London Design Museum

So when In London, taking in the sights, where is the obvious first thing a designer should visit? Being a designer and all I figured a visit to the Design Museum might be in order, asking my partner Caroline if she would like to attend she replied that she would rather force matchsticks under her fingernails, so taking that hint, I set off on my own to this shrine of design. For a museum of design, I’ve got to say that the facade was pretty uninspiring, at least the locale is pretty, right besides the Thames in view of The Tower Bridge. It cost 7 quid to get in, which kind of put me off purchasing anything in their gift shop, as impressive as it was – I had my eye on a design museum t-shirt until I saw that they were 40 quid, which is, I don’t know, about a thousand dollars or something in Australian dollars:)

One of the special displays that had on was a show on Formula One Grand Prix, not really my area of interest I’ve got to say, though they did have a car on display that I had as part of my Scalectrix model set when I was younger. At this point I was probably more interested in how that had set up their exhibits, graphics wise, rather than studying the intricacies of an exploded view of a McLaren F1 engine.

The main display area was dedicated to a sort of history of UK graphic design (though a pretty condensed version admittedly). I’m not sure whether this is on permanent display or not (is there anything on permanent display here? There were some beautiful WW2 deco inspired propaganda posters. This sort of illustration seems to be a lost sort of style these days, more is the pity. Best of all, there was a (small) display dedicated to Peter Saville’s Factory Records work, including the original ‘floppy disk’ inspired sleeve for the ‘Blue Monday’ single which I’ve seen in books plenty of times but never in the flesh as it were. There was also a nice display of old penguin book covers, Penguin seems to be quite the flavour of the month as far the design blogospehere, maybe it’s due to the book that was release on Peguin book design a little while back, it’s good stuff, One Plus One Equals Three has a link to a Flickr photoset if I have at all piqued your interest.

The museum was filled with bored looking school students plodding through displays, filling out obligatory class set assignments, occasionally a teacher would tell one of them that they had spent enough time on the ‘playstation’ display and they would plod off bleary eyed into another nook of the gallery. That’s about it as far as what is in the museum, ok I guess but hardly worth the £7 entry fee, pity I wasn’t there a month or so later to check out the Alan Fletcher exhibition.

Being in the vicinity, and a little disappointed with the Design Museum, I figured I’d take the half hour stroll down to the Tate Modern. Caroline had expressed a slight interest, but was fearing that she would be forced to view, as she put it ‘blank canvases with a pile of pebbles underneath it’ which to me sounds like the most fantastic idea for ‘fine art’ I’ve heard in a long time which I intend toimplementt and enter in the Turners as soon as possible. Anyway, it was a nice day for a stroll (for a change) and the view along the Thames on the way can’ be beat. The walk took me past Shakespeare’s Globe Theatre, a replica that is built kind of pretty close to where the original was built. Did you know that Shakespeare’s first Theatre was called the Curtain and was built on the other side of the Thames. When the landlord wanted the land back, he took it apart and rebuilt it across the way.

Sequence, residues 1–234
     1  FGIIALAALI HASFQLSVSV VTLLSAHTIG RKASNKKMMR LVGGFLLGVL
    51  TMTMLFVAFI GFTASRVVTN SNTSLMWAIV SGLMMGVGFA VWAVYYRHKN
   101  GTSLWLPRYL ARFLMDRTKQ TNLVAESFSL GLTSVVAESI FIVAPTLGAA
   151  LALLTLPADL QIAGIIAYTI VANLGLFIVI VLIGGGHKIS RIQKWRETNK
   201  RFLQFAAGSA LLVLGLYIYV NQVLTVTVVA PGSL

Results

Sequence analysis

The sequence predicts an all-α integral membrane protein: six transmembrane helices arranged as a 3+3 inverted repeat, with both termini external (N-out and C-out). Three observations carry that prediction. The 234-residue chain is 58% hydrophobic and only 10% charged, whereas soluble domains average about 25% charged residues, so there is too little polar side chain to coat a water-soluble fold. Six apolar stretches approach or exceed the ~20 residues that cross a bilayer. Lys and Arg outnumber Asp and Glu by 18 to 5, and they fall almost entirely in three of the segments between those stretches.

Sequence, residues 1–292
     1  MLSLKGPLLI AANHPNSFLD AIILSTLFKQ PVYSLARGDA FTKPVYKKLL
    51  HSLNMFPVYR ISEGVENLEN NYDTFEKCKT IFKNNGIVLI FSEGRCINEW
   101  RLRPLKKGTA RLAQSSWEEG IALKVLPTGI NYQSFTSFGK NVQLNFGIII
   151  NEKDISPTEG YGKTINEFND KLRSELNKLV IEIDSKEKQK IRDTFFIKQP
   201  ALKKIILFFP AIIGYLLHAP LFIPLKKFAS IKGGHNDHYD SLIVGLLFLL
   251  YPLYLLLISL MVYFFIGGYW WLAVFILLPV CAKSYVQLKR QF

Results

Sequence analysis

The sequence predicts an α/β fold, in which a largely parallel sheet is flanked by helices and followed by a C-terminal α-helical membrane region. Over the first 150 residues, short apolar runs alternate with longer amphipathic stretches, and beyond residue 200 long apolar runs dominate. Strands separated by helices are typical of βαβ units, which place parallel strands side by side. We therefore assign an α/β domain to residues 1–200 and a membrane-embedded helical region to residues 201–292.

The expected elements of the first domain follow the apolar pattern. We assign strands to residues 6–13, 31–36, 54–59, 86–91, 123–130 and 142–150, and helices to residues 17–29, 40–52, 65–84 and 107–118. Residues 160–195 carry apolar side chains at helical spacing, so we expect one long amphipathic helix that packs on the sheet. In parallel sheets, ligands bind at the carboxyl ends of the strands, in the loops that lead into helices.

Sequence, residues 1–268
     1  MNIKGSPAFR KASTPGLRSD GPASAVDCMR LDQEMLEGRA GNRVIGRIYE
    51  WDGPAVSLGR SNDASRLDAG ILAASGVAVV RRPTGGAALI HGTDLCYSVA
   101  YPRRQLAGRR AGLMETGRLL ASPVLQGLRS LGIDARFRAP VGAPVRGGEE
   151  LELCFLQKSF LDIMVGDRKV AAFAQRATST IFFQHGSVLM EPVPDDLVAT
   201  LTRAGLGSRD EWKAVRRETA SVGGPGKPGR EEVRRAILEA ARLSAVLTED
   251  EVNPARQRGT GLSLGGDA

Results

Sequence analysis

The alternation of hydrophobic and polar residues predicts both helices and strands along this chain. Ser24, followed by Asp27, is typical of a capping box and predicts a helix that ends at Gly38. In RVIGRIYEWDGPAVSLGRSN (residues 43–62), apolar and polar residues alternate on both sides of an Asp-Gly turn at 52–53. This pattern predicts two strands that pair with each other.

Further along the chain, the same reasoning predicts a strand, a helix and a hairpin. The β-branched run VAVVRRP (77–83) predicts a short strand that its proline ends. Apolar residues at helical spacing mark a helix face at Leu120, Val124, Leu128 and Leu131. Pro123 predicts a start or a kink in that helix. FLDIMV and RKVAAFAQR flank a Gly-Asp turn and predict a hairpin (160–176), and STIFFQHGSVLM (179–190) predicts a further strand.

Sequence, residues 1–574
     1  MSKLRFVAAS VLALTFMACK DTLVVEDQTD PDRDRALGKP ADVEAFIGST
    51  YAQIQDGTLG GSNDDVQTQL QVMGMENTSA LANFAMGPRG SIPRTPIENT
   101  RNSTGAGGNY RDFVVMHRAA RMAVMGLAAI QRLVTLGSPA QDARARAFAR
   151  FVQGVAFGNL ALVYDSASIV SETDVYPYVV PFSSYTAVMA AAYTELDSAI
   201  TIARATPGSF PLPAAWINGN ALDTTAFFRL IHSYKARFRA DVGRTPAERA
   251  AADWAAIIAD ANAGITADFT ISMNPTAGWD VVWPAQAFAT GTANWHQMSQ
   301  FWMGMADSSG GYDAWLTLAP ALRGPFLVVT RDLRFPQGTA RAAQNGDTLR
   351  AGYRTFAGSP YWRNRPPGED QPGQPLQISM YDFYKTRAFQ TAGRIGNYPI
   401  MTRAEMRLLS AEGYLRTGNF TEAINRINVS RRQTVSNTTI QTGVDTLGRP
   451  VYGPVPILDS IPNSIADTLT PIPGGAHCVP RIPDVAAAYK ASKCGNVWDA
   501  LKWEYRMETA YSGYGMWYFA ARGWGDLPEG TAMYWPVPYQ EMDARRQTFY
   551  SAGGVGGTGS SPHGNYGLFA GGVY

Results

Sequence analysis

The Tate is going through a lot of renovation work at the moment, which means it’s looking kind of crappy. The great entrance hall space was being transformed into the biggest and loopiest slippery dip of my dreams that I had ever seen, even though it was still under construction, don’t think I didn’t ask if I could take a slide down that baby – denied! It is art after all. Once again, the exhibit graphics are excellent, I really like the entrance wall to the 1945-1960 artists section, decorated with artists signature on a black background, really striking. The good thing about the Tate is that entry is a donation,(so free then for me 🙂 the bad thing about the Tate is that it was full of more bored school kids with an even greater area of boredom to trod through (and no playstations!) The thing you find about London is that they really hate you taking photographs, especially if there is a buck to be made from preventing you from doing so. In most civilized places in the world they put up signs that say ‘No photography’ if they don’t want you to take photographs, in London they just prefer to hire people to yell at you. So I’m in a gallery with some of the worlds greatest modern art on display, a good place to take a couple of snaps you say? Apparently the fear is that you will go in, take photos of that Rothko on the wall, run it out onto a canvas, claim it as your own and sell it. I can see how they have to be careful and once again I’m sure it has nothing to do with the prints for sale in gift shop. So I’m in there happily snapping away, actually at this point, more interested in how they had applied information graphics to the walls than the actual works of art. I was getting the look from people around me, that look like I had just strangled their kitten or something, had | stepped in something, maybe a piece of avante garde art inadvertently? From out of nowhere comes a screaming banshee of a woman, for awhile I thought it was aperformancee piece of some sort, but then I realised she was with the gallery. ‘No photography, no photography! She wailed like a pair of cats fighting on a tin roof – now I was on display at the Tate – the school kids certainly took more interest in it than the nearby Bacon (Francis, not in the cafeteria). London always brings the worst out in me temper wise, I’m usually pretty relaxed, but there’s a way that normal people handle things like this, they politely tell you there’s no photography allowed, you apologise and you’re on your way, then there’s the London way of being as rude as possible and drawing the most attention to yourself. I told her this in not so many worlds after she had finished screaming in my face – I may have added that dental hygiene was now a cheap and readily available commodity as well. I guess that’s probably what led to me being goose stepped out of there by a couple of security guards soon afterwards, hence the rather light on review of the Tate, but by all means, if you’re in the area, take a look, it’s free after all 🙂